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In-depth reviews

MINI Cooper - Electric motors, performance & drive

The electric version of the MINI Cooper still manages to embody the same driving fun we’ve enjoyed in previous versions

Overall Auto Express Rating

4.0 out of 5

Electric motors, performance & drive Rating

4.0 out of 5

Price
£23,110 to £42,500
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Model 

Power

0-62mph

Top speed

MINI Cooper E

181bhp

7.3 seconds

99mph

MINI Cooper SE

215bhp

6.7 seconds

106mph

The question is, can the driving experience of this latest MINI Cooper get even remotely close to the agility and fun offered by so many petrol-powered MINIs over the past 20 years? The answer is yes, albeit with a few caveats.

So far, we’ve only driven the electric Cooper in its most potent SE form. This version has enough instant punch to overcome the car’s weight – nearly 1,700kg – making the MINI feel nippy, if not hot-hatch quick. If you happen to be running in silent mode, without any of the sound effects activated, you’ll be pleased with the refinement, too.

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A three-door MINI has to handle, though, to deliver the ‘go-kart feeling’ so frequently quoted by the car’s engineers. It’s this, perhaps slightly cynical essence of ‘the classic MINI’ that’s hardest to achieve in a car carrying more than double the weight of the original icon.

And yet the MINI Cooper SE has enough agility about it to satisfy most customers. Approach a corner quickly, and the front end tucks in nicely; there’s excellent lateral grip and minimal body roll, so if you’ve enjoyed hugging the inside of a corner in your petrol-powered MINI over the years, you can do the same here. You’re never unaware of the mass involved – the laws of physics simply can’t be ignored – but equally, it’s hard to think of many EVs that are as happy to change direction as this.

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We tried the car on both dry and thoroughly shiny, drenched roads, and were pleased by how effectively the Cooper SE puts down its power. In the wet conditions, stamping on the throttle did induce a bit of understeer as the front wheels started spinning, but in the vast majority of scenarios, this is a vehicle that’s comfortable with its weight and performance – and that is not an easy balance to execute.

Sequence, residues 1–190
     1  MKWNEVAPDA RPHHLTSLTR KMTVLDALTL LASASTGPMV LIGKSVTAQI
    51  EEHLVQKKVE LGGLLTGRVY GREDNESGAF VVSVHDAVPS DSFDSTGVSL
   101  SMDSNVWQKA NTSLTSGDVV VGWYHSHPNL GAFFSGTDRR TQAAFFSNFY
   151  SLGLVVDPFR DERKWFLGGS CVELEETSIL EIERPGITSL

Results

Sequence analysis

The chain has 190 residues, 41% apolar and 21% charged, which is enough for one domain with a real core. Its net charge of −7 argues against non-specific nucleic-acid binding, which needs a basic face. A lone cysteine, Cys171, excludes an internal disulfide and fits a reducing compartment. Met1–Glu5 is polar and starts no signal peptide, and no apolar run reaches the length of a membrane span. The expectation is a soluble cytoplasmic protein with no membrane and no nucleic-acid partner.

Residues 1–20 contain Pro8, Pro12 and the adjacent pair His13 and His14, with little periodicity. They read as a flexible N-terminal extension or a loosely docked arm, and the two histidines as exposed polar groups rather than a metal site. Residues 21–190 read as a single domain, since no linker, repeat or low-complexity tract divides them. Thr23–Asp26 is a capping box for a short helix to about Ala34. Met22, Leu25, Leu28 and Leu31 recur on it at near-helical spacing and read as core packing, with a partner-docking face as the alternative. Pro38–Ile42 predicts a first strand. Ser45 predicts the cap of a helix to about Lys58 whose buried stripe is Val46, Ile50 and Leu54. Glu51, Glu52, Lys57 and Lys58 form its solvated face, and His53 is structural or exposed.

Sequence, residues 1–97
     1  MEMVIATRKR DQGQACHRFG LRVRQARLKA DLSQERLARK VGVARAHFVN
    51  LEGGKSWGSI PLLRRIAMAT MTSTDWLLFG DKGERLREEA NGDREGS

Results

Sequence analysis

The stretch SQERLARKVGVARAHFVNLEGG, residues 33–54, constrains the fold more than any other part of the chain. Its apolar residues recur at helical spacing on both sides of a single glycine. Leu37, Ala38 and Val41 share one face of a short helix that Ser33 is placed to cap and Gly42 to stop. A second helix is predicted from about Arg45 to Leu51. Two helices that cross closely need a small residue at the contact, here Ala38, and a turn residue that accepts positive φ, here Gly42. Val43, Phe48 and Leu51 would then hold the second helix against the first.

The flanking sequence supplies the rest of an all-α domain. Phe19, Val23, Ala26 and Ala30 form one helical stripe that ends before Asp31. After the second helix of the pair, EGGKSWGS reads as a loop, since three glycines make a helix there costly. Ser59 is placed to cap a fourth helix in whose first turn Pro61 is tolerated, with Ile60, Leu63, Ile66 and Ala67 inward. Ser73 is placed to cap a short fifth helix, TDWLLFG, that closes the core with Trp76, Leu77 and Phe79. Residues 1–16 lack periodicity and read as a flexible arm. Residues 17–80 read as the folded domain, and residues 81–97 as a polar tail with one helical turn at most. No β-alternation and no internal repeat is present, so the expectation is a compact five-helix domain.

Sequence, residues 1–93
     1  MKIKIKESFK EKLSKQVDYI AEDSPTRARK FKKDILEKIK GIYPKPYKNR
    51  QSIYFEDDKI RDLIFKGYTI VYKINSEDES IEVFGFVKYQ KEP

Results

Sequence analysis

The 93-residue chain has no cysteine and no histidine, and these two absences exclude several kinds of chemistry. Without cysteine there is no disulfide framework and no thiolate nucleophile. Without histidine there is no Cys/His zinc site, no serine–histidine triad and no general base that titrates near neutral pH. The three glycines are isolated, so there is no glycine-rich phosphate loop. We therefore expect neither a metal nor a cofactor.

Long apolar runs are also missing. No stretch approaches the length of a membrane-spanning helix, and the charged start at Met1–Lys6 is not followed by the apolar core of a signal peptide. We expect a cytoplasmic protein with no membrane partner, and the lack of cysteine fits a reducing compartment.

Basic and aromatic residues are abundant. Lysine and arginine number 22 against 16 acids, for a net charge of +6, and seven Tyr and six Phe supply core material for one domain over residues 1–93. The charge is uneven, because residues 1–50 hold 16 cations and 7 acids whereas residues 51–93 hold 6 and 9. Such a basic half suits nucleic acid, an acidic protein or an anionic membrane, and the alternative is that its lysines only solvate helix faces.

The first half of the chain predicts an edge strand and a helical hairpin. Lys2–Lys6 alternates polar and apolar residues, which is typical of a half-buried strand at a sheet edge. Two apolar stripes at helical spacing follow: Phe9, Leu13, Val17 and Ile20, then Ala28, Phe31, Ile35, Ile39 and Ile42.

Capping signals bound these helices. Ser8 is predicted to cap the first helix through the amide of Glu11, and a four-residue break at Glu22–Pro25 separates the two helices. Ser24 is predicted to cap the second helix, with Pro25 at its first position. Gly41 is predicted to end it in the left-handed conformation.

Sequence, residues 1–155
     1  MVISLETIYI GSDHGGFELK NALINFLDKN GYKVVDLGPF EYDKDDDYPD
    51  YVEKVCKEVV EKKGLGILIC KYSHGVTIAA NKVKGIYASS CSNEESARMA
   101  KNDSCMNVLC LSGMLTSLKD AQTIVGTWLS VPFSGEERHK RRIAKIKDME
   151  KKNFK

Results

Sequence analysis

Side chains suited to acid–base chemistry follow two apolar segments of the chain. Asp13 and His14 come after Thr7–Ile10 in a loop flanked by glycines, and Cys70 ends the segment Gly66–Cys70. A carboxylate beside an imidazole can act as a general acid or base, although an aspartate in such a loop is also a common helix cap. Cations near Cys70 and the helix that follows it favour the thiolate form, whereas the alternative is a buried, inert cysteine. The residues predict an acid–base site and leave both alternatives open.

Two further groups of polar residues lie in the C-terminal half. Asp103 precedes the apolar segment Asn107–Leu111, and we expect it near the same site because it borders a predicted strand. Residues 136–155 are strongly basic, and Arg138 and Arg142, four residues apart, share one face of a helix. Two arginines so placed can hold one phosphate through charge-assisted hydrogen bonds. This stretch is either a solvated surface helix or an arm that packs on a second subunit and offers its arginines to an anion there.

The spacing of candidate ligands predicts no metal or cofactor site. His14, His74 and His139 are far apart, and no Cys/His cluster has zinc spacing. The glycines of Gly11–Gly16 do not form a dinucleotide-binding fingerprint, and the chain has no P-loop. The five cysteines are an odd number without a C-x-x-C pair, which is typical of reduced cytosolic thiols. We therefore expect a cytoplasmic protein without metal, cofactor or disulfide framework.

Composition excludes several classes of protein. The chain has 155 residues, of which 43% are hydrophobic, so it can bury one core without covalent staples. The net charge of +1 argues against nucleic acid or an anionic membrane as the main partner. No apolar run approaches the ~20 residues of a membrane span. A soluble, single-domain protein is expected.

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The trade-off for this composure in corners is a slightly firm ride – to the point where we’d like to try a standard Classic car (on 16-inch wheels, rather than our test vehicle’s optional 18-inch alloys) to see how it copes with UK roads. There’s a constant patter on even smooth surfaces and we also noticed some porpoising along soaked motorways, a trait that could quickly become wearisome on longer journeys. MINIs have never been the most soothing of creations, of course, but if you’re looking for an area where it’s clear that engineers have had to compromise to accommodate the weight of a large battery, it’s right here. We’ve yet to try the less powerful Cooper E, but we suspect it could drive a little more deftly because of its smaller battery pack.

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In better news, MINI has nailed the control weights; the steering is a teeny bit on the heavy side for a car that will spend a lot of its time in town, but the response around the straight ahead is reassuringly direct, and the pedal weights and progression are satisfying to use. We would like steering wheel-mounted paddles to allow you to play with the level of brake energy recuperation, though; it’d add another thin veneer of involvement as you’re squirting the Cooper SE along a back road.

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Speaking of which, you may not find much pleasure in the assortment of noises that MINI offers in the cabin to make you feel more involved in what the car is doing. Selected via an ‘Experiences’ menu that also adjust the display on the central infotainment and instrument panel, they range from a classic Cooper’s engine note that graduates into a sci-fi whoosh as you accelerate in the sportiest mode, sounding like a Star Wars pod racer on the overrun. 

They’re entirely synthetic, and sound it. But they do involve you – perhaps not to the same extent as a petrol engine and its exhaust note, but enough to make you aware of when you’re gunning the Cooper SE hard out of a corner, or lifting off and feeding in the brakes when approaching a hairpin. And we’d rather have them than the speaker noise of an Abarth 500e, fun though that car is.

Engines, 0-60 acceleration and top speed

There are two specs of all-electric MINI Cooper, mirroring the way the petrol vehicles are arranged. The Cooper E has a single front-mounted motor producing 181bhp and 290Nm of torque, for a 0-62mph time of 7.3 seconds. This version gets a 40.7kWh (36.6kWh useable) battery that’s good, MINI claims, for up to 190 miles of range.

The only version we’ve tried so far is the Cooper SE, which is still front-wheel drive, but its single motor produces 215bhp and 330Nm, so the 0-62mph sprint takes 6.7 seconds. The battery is larger too, at 54.2kWh (49.2kWh useable), so the range increases to as much as 250 miles depending on which spec and wheel size you’re running.

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Editor-at-large

John started journalism reporting on motorsport – specifically rallying, which he had followed avidly since he was a boy. After a stint as editor of weekly motorsport bible Autosport, he moved across to testing road cars. He’s now been reviewing cars and writing news stories about them for almost 20 years.

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